A trio of Ashland High School girls from the Planned Parenthood Teen Theater group guided about 20 aspiring or current members of the Rose Circle Mentoring Network through a series of interactive exercises for more than an hour Tuesday evening at Ashland's Hidden Springs Wellness Center.

By Sanne Specht

For the Tidings

Improvisation was the name of the game this week as teens showed adults how to best keep the conversation flowing between generations.

A trio of Ashland High School girls from the Planned Parenthood Teen Theater group guided about 20 aspiring or current members of the Rose Circle Mentoring Network through a series of interactive exercises for more than an hour Tuesday evening at Ashland's Hidden Springs Wellness Center. The girls and adults used role playing to test their communication skills — even when the topic turns touchy.

"We're training men and women who want to be mentors to youths and matching them with the various volunteer opportunities that are increasingly present in our community," said Leslie Lanes, Rose Circle's executive director.

Amelia Farber, 16, Jane Excell, 16, and Sarah Marston, 17, played the roles of a teen (Farber) telling two mentors (Excell and Marston) about her date with a boy. When Farber relayed she'd had an unprotected sexual encounter, Excell's shocked reaction was typical of many adults.

"You had sex?" yelped a bug-eyed Excell.

Anxiety over Farber's actions and well-being caused Excell to fire a barrage of questions and commands that led to tension between the two mentors — and caused the teen to shut down completely.

The "adult's" reactions were understandable, but perhaps not the best way to help handle the complicated situation, all agreed.

The real adults then took turns portraying each of the three roles, exploring ways to keep the lines of communication open and help Farber's character.

It was a very challenging exercise, said Maggie Sullivan, Planned Parenthood's education program coordinator.

"The skits involve participants in very dynamic ways," said Sullivan. "If you're mentoring, what you can or can't do are touchy issues. How far can you go without overstepping your bounds?"

The girls opted to perform a sexual encounter skit Tuesday night, but it was just one piece from a repertoire that covers topics such as teen bullying, body image, and tolerance, said Kyndra Laughery, Teen Theater director.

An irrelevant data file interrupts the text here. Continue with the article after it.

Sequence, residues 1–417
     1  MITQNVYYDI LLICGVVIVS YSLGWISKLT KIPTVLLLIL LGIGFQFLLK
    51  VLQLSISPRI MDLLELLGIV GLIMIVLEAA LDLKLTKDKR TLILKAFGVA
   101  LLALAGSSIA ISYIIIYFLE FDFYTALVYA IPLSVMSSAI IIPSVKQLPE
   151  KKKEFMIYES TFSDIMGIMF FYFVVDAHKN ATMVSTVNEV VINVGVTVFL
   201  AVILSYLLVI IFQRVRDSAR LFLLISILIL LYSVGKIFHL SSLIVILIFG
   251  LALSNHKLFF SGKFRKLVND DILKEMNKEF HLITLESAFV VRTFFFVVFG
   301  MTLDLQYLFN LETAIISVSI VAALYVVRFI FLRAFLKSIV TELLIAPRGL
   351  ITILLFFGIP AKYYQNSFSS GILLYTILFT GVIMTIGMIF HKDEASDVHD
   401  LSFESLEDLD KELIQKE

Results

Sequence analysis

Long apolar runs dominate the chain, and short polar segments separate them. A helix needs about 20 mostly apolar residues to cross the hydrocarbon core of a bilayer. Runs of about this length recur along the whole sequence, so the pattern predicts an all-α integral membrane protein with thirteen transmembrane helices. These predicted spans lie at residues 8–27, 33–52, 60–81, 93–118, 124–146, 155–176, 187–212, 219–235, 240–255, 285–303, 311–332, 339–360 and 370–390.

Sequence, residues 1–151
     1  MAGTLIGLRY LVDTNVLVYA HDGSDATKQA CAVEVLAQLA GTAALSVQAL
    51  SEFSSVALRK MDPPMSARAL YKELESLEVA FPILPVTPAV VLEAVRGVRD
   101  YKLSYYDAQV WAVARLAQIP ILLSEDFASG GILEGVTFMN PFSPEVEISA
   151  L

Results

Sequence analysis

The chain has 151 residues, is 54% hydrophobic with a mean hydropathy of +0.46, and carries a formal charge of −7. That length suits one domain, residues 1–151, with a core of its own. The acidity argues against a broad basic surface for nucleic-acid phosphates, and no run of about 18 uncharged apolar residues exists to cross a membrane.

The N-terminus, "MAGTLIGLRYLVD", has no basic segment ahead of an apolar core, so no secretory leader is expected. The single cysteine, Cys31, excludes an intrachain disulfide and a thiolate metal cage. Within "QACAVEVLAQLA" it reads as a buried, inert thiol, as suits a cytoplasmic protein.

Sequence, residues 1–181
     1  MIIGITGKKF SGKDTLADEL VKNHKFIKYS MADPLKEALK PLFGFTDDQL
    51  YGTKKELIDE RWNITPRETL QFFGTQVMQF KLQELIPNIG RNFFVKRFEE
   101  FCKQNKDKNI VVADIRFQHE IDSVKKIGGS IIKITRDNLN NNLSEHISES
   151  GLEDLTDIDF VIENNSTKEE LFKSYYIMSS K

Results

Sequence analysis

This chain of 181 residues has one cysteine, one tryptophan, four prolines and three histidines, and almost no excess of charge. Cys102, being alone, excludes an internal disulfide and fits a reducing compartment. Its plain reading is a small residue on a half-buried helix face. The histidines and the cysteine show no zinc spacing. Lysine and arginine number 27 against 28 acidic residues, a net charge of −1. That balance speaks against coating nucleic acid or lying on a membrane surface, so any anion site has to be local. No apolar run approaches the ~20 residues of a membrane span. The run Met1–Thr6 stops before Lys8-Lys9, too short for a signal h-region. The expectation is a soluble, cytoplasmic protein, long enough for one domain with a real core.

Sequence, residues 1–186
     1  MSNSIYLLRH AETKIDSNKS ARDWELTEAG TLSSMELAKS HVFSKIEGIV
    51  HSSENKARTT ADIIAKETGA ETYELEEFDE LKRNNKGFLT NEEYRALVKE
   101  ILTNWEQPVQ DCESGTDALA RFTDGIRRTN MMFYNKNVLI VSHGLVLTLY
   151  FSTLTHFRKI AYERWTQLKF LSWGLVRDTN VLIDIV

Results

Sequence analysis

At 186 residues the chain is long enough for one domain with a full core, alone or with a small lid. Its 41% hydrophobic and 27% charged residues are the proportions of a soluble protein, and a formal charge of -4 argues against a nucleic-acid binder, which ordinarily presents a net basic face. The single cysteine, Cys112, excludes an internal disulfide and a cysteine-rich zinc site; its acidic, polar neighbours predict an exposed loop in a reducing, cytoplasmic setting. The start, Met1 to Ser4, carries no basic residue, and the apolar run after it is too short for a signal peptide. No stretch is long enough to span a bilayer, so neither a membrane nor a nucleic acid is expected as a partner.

A presence in the Rogue Valley for the past 20 years, the Teen Theater includes about 19 students from several area high schools. They meet on Tuesdays to work on skits that they perform at middle schools, high schools and anywhere else they can provide teen insights, she said.

In high schools, the group sometimes performs a skit about "refusal skills," designed to help kids who are feeling unwelcome pressure to have sex, said Laughery.

"We explored ways for them to say 'I want to wait. I'm not ready,' " Laughery said.

Skits at middle schools tend to revolve around bullying or social stigma. Laughery uses characters from the Harry Potter books to help the kids define examples of bullies, bystanders and victims, she said.

Sullivan said mentors provide important relationships in young lives, and the lessons gleaned from the Teen Theater skits can teach adults how to help kids make good choices, she said.

"Youth can make good and reasonable decisions when adults communicate clearly and respectfully," she said.

Lanes, the leader of the mentoring group, first saw the teens perform in January at the Southern Oregon Mentoring Conference organized by the Jackson County Commission on Children and Family.

The group was doing a skit about a girl, her mother and the school principal. The girl had been caught with friends who were drinking. Although she was not drinking herself, neither her mother nor the principal believed her, and the drama unfolded.

As she watched audience members get involved in playing each of the parts, Lanes realized the improvisational exercise would be perfect for her mentoring group.

"It's always helpful to hear from the youth," Lanes said, "to get a first-hand view from them as to what works with their relationships with the adults in their life."

Reach reporter Sanne Specht at 776-4497 or e-mail sspecht@mailtribune.com.